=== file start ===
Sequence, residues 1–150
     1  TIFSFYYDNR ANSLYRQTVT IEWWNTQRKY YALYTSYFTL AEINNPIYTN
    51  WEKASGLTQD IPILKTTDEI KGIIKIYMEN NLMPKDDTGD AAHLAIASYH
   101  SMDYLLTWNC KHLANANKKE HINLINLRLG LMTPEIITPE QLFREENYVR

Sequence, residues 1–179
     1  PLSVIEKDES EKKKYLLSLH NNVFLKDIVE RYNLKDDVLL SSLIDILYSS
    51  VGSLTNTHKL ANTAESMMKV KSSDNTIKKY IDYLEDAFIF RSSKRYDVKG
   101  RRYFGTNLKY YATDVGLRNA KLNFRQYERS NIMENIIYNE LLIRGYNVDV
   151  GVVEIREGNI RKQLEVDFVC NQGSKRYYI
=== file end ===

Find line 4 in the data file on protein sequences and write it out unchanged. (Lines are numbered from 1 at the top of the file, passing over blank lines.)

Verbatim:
   101  SMDYLLTWNC KHLANANKKE HINLINLRLG LMTPEIITPE QLFREENYVR